Nearly two years after Although he wouldn't say definitively that the county would not relaunch the Tiburon E-911 Computer-Aided Dispatch System, IT Director
Instead, the county has formed a committee of representatives across its public safety departments tasked with studying ways to improve its current dispatch system and the possibility of upgrading its software.
The system was taken offline after 21 days of service in
Likewise dispatchers complained the system's graphic interface was too complicated to navigate.
Durkee cited the difficulty of the initial launch, which he said was hindered by technical issues and poor execution.
"Do I put everybody through that same pain and trauma, and then two years from now put them through the same pain and trauma again?" Durkee said.
The county bought the dispatch system in 2008 for public safety departments to better share information.
Durkee acknowledged the loss on the purchase, as well as additional money to fix the system following its initial launch, as a difficult pill to swallow.
"All that labor that the county had to pay for: We're not getting a return on our investment," Durkee said.
The purchase was made under former County Executive
One of Neuman's first decisions in office was to replace IT Director
Durkee and assistant IT officer
"The person who has an accident and calls 911 doesn't care what kind of software we use," Martin said.
Although the dispatch system has been unplugged for the last 21 months, record management and other secondary pieces of the system have remained online, Durkee said.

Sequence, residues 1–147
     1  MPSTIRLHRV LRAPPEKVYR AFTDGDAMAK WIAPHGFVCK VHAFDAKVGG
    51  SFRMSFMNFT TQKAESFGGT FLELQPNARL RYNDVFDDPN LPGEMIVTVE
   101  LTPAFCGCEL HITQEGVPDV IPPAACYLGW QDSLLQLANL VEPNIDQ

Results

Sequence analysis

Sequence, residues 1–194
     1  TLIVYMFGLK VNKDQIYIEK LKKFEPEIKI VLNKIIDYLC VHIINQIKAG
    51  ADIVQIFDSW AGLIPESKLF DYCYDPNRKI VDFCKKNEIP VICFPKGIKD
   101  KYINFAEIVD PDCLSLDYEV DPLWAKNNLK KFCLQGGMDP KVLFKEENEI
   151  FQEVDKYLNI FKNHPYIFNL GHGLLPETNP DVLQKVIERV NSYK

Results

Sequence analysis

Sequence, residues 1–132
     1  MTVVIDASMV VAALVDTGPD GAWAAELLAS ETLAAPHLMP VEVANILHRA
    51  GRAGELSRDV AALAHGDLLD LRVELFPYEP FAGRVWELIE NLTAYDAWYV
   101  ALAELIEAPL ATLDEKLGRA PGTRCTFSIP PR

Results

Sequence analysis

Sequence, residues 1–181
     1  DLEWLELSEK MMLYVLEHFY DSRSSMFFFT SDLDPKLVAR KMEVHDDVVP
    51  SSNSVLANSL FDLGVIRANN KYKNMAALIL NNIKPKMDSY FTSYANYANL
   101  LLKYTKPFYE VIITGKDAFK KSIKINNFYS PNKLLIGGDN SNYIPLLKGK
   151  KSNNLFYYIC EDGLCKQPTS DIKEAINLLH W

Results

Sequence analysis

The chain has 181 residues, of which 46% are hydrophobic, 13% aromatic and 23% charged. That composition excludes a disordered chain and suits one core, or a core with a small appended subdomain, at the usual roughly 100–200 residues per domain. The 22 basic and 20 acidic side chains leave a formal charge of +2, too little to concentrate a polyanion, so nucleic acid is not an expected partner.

For the past several months the county has been working with software developers to integrate the secondary pieces of the system to the current dispatch system, which was developed by a different software manufacturer.
The Public Safety Technology Board will hold its first meeting next week. The board will advise Durkee on the needs of each department as the county looks forward to purchasing the next generation of software, Durkee said.
Durkee said that by this time next year he hopes the county will have developed, if not released, a request for proposal for a system.
The IT director declined to speculate on how much the county might be willing to invest in a new system, saying a figure would be hashed out during the request-for-proposal process.
The current dispatch system is about a decade old, though it may continue to have a shelf life for a few more years, Durkee said.
"From the time we found out about the system, employees were voicing their discontent and concerns, but their issues fell on deaf ears," Atkinson said. "If they do all their homework up front, we shouldn't have to deal with all the headaches afterward."
Nearly two years after
Although he wouldn't say definitively that the county would not relaunch the Tiburon E-911 Computer-Aided Dispatch System, IT Director